• Göring: The police search all common criminals, and report the result to me.
  • Dimitrov: The three officials who arrested and examined van der Lubbe all agreed that no membership card of the Communist Party was found on him. I should like to know where the report that such a card had been found came from.
  • Göring: I was told by an official. Things which were reported to me on the night of the fire...could not be tested or proven. The report was made to me by a responsible official, and was accepted as a fact, and as it could not be tested immediately it was announced as a fact. When I issued the first report to the press on the morning after the fire the interrogation of van der Lubbe had not been concluded. In any case I do not see that anyone has any right to complain because it seems proved in this trial that van der Lubbe had no such card on him.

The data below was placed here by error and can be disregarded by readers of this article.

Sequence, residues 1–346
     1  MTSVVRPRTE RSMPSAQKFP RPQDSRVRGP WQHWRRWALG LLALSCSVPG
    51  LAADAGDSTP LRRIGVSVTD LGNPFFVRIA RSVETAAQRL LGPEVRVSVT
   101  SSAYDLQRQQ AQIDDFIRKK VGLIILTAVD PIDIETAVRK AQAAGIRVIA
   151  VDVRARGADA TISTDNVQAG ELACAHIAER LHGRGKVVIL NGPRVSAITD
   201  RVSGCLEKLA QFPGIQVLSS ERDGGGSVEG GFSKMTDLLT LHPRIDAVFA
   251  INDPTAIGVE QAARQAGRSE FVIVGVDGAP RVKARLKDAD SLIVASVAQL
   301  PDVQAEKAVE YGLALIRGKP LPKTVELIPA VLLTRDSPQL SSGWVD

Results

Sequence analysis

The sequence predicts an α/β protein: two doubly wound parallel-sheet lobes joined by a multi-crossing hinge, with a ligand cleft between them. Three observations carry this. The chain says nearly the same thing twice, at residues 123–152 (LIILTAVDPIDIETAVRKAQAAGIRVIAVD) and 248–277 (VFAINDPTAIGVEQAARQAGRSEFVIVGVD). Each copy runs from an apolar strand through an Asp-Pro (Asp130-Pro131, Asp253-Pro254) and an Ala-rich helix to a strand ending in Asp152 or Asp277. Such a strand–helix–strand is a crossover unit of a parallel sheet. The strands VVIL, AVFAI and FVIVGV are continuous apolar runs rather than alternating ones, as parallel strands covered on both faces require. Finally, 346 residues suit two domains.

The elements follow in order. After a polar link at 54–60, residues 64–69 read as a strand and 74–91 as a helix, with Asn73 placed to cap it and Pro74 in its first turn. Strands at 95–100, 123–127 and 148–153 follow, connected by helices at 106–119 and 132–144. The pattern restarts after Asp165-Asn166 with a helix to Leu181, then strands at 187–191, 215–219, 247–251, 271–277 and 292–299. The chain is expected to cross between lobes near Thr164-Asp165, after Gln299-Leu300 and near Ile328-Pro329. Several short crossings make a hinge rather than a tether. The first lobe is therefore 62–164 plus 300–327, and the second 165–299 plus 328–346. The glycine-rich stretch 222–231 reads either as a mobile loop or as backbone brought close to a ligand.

• Dimitrov: I would like to ask the Minister of the Interior what steps he took to make sure that van der Lubbe's route to Hennigsdorf, his stay and his meetings with other people there were investigated by the police to assist them in tracking down van der Lubbe's accomplices?
  • Göring: As I am not an official myself, but a responsible Minister it was not important that I should trouble myself with such petty, minor matters. It was my task to expose the Party, and the mentality, which was responsible for the crime.
  • Dimitrov: Is the Reichsminister aware of the fact that those that possess this alleged criminal mentality today control the destiny of a sixth part of the world - the Soviet Union?
  • Göring: I don't care what happens in Russia! I know that the Russians pay with bills, and I should prefer to know that their bills are paid! I care about the Communist Party here in Germany and about Communist crooks who come here to set the Reichstag on fire!